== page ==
Last night, more than 3,000 people thought they would be safe as they joined together to march peacefully down W. Florissant Avenue in Ferguson, four hours before the 12:00 midnight curfew imposed yesterday by Missouri Governor Jay Nixon.
But at 8:30 p.m., the police forces waged their most brutal attack yet on protesters in the days since young Mike Brown was murdered on August 9.
At the end of the assault, the government announced that the National Guard will be deployed to Ferguson.
The war on Ferguson’s Black community is employing all the weapons of a modern military. The question is: Do the powers-that-be truly believe they can extinguish the people’s quest for justice with more and more police forces?
The truth is, the federal, state and local governments see much deeper implications if they accede to the people’s struggle and bring peace on a community suffering the loss of another Black youth, by putting a cop on trial.
They fear the example. They fear the power of the people to challenge the enormous police state of towns, states and the federal government.
That is why almost 50 FBI agents are coming into Ferguson.
They are not coming to investigate the killing of Brown.
Nobody in the Black community believes that. Nor does anyone believe that it takes weeks and months, as some officials have claimed, for the investigation to be completed.
In response to Gov. Nixon’s claim that he is seeking to keep the peace in Ferguson, NBC’s Andrea Mitchell on Meet the Press today, challenged him. “Well, governor, there was peace on Thursday night, on Thursday night after you appointed the state police chief to take over from the county. But then the Ferguson police chief released that video [alleging Mike Brown shoplifted cigars]. What justifies releasing the video about the convenience store while there are still no details about what happened with the shooting itself. That is what caused everything again to erupt on Friday night and eventually led to the curfew to be imposed. …
“Shouldn’t Chief Jackson be fired or told to step down?”
After the hours-long attack was over, in the midst of a heavily militarized zone of siege by the cops, the police forces held an emergency press conference at 1:15 a.m., to justify the attack.
The scenario the police depicted to the media was false. They claim they had to fire on the crowd and order dispersal after several gunshots were fired at them.
Those of us at the front of the march who experienced firsthand the attack by the police know that is not what happened.
The evening’s incident began at 8:00 p.m. Starting at the corner of Chambers and W. Florissant Ave., we walked together with a committed and energetic crowd of 2,000, which quickly grew to 3,000. In this march there were many more young women and girls, parents with children and babies.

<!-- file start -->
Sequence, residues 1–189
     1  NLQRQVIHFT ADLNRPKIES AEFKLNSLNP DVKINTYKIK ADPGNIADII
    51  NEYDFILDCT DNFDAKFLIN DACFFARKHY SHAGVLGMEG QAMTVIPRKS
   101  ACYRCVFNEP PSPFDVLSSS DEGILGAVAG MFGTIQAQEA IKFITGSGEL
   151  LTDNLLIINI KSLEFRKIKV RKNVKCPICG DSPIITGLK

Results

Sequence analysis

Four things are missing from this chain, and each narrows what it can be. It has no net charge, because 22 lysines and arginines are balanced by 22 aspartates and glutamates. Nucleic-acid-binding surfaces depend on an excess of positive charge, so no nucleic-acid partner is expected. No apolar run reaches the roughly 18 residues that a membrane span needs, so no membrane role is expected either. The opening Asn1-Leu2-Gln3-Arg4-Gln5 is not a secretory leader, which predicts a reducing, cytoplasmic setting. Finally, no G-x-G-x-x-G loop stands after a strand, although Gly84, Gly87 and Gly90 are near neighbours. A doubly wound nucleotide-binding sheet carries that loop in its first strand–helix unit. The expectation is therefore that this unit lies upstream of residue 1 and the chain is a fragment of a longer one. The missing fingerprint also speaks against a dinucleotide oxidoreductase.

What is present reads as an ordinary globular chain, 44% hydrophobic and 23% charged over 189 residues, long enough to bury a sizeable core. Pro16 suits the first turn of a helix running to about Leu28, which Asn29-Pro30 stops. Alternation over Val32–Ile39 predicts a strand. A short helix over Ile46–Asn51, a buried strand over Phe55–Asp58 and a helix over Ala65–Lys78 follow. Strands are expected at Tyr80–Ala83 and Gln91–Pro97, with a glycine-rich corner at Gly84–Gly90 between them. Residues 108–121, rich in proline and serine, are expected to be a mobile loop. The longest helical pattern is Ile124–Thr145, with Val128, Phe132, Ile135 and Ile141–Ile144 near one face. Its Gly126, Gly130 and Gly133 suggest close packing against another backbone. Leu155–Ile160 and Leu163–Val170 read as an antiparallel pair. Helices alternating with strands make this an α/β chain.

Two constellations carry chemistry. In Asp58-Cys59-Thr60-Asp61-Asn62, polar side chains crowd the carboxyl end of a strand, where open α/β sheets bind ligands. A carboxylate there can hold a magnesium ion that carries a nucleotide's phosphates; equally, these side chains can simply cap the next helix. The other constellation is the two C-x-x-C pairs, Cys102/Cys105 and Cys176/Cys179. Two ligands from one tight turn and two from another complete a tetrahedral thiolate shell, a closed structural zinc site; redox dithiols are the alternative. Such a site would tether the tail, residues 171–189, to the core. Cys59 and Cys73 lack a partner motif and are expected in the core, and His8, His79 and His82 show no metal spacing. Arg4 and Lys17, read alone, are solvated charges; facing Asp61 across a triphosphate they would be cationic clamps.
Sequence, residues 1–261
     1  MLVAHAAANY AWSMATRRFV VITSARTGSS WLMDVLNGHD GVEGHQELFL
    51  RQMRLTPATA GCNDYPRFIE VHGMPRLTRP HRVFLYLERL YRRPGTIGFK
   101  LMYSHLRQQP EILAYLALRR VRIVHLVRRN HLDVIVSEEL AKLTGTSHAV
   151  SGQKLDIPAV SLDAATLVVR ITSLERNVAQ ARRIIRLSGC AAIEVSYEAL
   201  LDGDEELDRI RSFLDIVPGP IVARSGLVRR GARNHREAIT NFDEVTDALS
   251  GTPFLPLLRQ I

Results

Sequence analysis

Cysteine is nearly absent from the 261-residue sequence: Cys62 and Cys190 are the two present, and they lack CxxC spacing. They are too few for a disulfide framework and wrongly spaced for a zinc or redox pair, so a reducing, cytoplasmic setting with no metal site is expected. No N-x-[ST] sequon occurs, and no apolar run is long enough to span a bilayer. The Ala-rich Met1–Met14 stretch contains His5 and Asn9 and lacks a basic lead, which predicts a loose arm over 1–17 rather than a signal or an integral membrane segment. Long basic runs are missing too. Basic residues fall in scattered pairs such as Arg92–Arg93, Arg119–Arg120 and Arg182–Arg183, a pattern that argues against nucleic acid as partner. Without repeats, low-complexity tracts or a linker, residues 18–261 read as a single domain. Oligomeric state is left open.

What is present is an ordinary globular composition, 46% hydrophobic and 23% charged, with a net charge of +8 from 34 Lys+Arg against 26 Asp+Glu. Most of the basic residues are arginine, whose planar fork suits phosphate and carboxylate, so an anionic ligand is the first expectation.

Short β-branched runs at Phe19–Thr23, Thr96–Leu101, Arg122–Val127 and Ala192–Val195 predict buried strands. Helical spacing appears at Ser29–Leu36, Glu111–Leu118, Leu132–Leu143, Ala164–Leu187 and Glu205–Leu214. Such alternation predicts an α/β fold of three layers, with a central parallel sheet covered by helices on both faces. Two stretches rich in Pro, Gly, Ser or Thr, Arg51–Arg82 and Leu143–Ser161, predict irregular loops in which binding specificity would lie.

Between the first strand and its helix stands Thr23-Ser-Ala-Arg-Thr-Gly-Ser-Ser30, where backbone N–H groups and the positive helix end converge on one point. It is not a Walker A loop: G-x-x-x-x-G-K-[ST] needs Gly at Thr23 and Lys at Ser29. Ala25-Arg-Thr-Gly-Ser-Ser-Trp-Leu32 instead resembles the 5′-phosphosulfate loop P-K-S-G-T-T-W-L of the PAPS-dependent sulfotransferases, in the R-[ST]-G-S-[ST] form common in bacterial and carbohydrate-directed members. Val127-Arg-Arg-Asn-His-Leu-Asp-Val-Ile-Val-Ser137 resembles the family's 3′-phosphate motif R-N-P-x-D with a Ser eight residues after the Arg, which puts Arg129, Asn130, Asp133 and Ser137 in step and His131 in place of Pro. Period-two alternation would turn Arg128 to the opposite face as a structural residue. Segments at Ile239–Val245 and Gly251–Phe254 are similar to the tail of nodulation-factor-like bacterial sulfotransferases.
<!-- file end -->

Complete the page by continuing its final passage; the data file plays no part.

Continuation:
As a veteran of hundreds of marches and protests, I was struck by the respect that the people had for the leaders and monitors of the march, and with each other. Later, as the police assault took hold, I would witness and experience great acts of courage as young men put themselves in harm’s way to help escape the police rout.
The likely reason for the police attack is that local community leaders announced that the people would march to the police station. The police claim they acted against the lead part of the march because we were going to march to their command post at a nearby shopping mall.
That again is false. The lead organizer announced over the bullhorn several times that the march would go to the police station. There was no inflammatory language used.
As the protesters approached Jenning Station Rd. to turn right to the police station, several armored, militarized vehicles appeared suddenly near the Target store complex to completely block the protest.
A flash grenade was fired at the front of the march and rubber bullets began to hit the crowd. Tear gas choked and incapacitated many people.
The next hour was an all-out assault on a march in full retreat. There was no justification for rubber bullets or the tear gas being used on a crowd that was clearly walking or running to the far end of Florissant Ave., where the march started.
Despite the retreat of the protesters, the trucks continued to fire rubber bullets and tear gas into the crowd, along a straight route where there were very few places to hide from the projectiles.
Several people, including ANSWER activists Ana Santoyo and Arthur Sangster, were trapped by the police. They could not leave and were arrested on failure-to-disperse charges. Jamier Sale, also an ANSWER activist, was forced to hide from the marauding police and stayed hidden behind a building until curfew was over, along with several other men.
Many people were not allowed to return home in that area after they were driven out, nor allowed to retrieve their cars. Consequently many people were stranded on the outskirts of the militarized zone, exposed to further danger.
The Black community of Ferguson has a clear and simple demand: Indict police officer Darren Wilson for the murder of Mike Brown.
But the rulers and police have a different answer, they are heaping more repressive forces in Ferguson.
The demand for indictment of the cop who murdered Mike Brown has not abated one bit, it has only grown.
It is urgent that communities and organizations across the United States join in solidarity to demand that the police repression in Ferguson end, and that Darren Wilson be indicted for murder.